I just handed in a new book to my editor Richard Jackson. When published, it will be the twenty-second book I have worked on with him. The books he edited include The True Confessions of Charlotte Doyle, Nothing but the Truth, Poppy, The Man who was Poe—among the books for which I am best known. Other writers will tell you the same. If you match his name with the big awards in the children’s book world, he has been associated with more winners than any other editor.
What is he like to work with? I can only tell you how he works with me, because one aspect of his editorial skill is that he works differently with different writers. That is to say, he is keenly tuned into the writing style and personality of the many different people with whom he works. I have no idea how he worked with Paula Fox, Garry Paulson, or Judy Blume, to name three very different writers with whom he has worked. There is something of the chameleon in him—in a positive way. I once asked him how he would like to be in a room full of his writers. He visibly winced.
He has always edited many, many books, but whenever I spoke to him, he was instantly there, in my project, as if he had nothing else to do, or needed to think about other text than that project. Many a time, when I thought a book was done, he would call and say, “I’ve been thinking…” and what he has thought about was something missing and vital to the book.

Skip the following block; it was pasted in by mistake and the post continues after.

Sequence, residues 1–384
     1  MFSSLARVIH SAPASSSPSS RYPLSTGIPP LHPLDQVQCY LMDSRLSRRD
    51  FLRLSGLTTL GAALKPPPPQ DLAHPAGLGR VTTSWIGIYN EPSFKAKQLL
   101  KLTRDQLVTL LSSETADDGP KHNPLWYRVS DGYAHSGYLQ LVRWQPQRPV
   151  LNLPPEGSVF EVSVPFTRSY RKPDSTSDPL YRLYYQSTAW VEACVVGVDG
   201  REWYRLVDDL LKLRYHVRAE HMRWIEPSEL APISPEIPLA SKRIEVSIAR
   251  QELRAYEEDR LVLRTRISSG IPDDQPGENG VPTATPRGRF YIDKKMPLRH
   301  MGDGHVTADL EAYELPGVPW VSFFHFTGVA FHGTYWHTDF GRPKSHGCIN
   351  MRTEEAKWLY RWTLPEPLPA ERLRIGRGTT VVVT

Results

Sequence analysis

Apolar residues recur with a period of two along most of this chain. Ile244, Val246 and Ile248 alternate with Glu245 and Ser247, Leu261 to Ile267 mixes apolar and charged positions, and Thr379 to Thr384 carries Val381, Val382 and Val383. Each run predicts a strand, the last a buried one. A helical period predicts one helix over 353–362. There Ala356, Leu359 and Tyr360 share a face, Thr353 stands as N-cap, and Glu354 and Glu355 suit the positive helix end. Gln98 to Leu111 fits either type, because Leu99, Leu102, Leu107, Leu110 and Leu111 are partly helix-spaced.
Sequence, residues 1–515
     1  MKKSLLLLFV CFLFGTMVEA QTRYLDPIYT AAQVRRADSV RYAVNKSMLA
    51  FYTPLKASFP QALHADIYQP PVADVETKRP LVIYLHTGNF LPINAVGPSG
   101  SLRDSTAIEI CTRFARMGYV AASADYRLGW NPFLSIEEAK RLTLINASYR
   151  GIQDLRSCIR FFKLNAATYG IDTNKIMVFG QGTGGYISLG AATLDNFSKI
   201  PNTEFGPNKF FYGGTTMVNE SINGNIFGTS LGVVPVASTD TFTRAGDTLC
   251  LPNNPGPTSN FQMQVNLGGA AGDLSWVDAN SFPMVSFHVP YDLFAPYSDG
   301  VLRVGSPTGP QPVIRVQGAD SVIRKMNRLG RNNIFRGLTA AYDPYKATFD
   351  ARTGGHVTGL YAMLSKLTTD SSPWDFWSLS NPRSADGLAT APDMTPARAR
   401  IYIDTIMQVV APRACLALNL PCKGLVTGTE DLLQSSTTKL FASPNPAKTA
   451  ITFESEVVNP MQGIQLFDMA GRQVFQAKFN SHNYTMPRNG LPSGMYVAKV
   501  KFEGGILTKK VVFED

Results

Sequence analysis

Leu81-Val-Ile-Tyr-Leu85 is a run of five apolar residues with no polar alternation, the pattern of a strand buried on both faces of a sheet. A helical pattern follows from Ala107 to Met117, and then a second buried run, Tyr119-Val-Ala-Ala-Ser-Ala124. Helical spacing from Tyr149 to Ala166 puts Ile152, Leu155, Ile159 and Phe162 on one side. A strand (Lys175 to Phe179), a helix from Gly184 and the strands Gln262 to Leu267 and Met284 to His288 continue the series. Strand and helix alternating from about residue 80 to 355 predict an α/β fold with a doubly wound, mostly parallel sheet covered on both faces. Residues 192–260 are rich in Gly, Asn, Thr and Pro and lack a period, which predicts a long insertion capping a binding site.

His instincts are very sharp, and indeed, he’s a very smart, an intelligent person, who grasps what the writer intends, and then some. He knows literature. He sees what the writer can do. He will ask questions, not tell you what to do, though he has never ducked marking up a manuscript. Inevitably the writer—this writer anyway—in the process comes to understand an aspect of the work not fully understood before. His line editing is of the same high order, cutting away the chaff, bringing forth the intent.
When we have talked about books in process I always came away energized with a new sense of clarity, of being challenged. And it must be said we talk about other things other than the current book. We share certain interests—theatre, for example—and our talks are punctuated by a lot of laughter. It is fun for me to talk to him, a much loved and admired friend, a colleague, without doubt fundamental to my life as a writer.
The most amazing thing about him, is that I know there are many other writers who can say the same thing.